A quantitative and dynamical approach to understanding cell state transitions


  • Prof Nancy Papalopulu

    University of Manchester, United Kingdom

Project summary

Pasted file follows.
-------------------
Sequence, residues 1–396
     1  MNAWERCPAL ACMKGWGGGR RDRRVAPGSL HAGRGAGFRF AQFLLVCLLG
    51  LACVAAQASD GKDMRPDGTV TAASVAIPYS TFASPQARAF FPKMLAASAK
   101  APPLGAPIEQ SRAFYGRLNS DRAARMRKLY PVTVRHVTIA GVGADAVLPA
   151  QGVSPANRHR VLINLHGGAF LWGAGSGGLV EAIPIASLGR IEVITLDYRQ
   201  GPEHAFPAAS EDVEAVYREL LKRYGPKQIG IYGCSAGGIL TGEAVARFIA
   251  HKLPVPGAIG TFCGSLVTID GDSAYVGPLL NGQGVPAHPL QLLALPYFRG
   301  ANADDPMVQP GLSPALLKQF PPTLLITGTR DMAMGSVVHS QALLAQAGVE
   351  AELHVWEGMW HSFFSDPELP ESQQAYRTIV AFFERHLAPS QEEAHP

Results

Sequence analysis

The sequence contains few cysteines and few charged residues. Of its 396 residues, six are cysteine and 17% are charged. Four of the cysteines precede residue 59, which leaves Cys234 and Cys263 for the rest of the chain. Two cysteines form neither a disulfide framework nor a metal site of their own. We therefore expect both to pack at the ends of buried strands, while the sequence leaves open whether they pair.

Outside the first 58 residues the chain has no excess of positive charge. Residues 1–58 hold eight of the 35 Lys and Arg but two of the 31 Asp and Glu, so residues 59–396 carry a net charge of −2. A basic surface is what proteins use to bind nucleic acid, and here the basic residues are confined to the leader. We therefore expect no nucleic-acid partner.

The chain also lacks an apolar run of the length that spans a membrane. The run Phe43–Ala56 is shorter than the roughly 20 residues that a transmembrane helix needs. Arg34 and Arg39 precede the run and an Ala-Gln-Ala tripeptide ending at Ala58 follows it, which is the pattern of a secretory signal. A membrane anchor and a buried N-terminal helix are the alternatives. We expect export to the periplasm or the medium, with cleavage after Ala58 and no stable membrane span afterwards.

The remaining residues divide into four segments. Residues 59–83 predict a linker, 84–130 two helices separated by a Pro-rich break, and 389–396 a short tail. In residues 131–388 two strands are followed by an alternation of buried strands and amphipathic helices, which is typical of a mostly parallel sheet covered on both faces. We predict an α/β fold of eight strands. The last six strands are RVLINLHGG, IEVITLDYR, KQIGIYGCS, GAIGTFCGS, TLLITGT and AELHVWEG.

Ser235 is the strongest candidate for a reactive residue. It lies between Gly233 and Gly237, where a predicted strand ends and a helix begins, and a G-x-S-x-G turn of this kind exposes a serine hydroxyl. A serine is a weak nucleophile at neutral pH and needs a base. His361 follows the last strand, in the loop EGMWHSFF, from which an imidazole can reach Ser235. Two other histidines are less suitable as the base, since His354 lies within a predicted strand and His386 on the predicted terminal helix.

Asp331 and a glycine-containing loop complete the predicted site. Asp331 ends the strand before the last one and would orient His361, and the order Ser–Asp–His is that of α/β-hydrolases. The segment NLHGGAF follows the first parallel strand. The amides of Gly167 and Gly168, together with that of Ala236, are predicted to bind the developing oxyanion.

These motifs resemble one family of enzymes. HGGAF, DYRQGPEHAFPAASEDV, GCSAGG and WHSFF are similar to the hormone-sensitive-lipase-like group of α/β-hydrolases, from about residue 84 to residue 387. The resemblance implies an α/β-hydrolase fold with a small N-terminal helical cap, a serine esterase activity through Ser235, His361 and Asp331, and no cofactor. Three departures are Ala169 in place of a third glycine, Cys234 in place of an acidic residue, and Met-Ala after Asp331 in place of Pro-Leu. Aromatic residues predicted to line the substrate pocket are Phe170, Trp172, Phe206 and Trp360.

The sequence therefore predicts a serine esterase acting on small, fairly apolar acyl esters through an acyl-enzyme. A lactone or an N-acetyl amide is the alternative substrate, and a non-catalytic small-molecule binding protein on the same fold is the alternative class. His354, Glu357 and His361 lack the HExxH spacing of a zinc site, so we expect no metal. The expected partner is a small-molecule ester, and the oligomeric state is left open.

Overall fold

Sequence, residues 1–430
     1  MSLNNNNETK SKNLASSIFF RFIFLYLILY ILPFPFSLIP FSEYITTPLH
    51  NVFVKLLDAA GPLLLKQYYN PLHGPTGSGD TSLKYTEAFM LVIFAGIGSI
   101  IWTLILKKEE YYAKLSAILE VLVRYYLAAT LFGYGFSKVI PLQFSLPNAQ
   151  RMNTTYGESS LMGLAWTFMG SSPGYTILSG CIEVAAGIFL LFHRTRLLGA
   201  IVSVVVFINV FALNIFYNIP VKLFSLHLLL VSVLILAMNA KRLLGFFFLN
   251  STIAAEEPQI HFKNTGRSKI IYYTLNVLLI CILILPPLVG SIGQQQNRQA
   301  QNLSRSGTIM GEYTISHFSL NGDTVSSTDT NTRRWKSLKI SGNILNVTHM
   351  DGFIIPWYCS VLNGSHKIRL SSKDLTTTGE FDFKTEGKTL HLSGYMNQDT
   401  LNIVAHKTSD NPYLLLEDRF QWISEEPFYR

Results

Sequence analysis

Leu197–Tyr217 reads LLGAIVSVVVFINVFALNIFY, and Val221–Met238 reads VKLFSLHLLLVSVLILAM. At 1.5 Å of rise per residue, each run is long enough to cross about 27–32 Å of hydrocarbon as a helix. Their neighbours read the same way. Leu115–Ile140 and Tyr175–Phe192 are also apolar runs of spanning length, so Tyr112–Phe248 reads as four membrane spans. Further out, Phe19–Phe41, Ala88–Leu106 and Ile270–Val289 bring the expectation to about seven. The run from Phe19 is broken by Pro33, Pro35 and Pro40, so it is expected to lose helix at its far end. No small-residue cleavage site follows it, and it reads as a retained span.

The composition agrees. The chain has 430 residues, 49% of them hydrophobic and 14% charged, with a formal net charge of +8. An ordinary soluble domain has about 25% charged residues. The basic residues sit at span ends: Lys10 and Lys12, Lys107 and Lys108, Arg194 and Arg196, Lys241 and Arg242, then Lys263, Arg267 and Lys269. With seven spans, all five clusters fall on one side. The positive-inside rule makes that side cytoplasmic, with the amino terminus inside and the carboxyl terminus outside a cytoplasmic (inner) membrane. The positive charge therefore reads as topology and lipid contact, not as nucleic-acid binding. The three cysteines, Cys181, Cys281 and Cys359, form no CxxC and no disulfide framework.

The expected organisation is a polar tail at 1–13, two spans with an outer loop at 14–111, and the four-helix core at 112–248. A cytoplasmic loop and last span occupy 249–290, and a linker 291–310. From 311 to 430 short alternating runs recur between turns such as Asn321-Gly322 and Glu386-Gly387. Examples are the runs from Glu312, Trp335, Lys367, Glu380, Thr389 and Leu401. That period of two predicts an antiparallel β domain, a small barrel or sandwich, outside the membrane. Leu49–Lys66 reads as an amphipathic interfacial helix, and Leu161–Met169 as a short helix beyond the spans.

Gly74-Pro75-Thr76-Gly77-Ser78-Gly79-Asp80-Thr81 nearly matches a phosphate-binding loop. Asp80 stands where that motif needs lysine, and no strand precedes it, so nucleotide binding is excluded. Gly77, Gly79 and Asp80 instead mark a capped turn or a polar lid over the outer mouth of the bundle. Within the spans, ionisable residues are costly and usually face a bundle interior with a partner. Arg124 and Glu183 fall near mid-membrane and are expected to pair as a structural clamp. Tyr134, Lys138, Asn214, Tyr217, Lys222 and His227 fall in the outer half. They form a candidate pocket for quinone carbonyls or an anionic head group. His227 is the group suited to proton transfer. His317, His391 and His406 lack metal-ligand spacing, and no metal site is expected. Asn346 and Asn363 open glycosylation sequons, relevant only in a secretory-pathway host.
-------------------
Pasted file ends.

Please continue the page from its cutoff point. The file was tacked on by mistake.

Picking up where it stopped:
Our bodies are made up of many specialised cell types, derived from so-called stem cells that are initially undecided and plastic, Understanding the decision-making process that leads to cell type specialisation is key to understanding the normal formation of an organism. Within cells, the genetic material is organised into genes and a widely accepted view is that genes are either in an "on" or "off" position, which ultimately determines what the cell becomes. However, recent advances in studying the behaviour of genes in real time have revealed that some key controlling genes can also alternate between and "on" and "off" state, much like a pendulum. In this work, we will be examining the hypothesis that this alternating (e.g. "oscillatory") behaviour is important for undecided cells such as stem cells, because it gives them precisely the ability to change into different cell types and we will find out how this happens.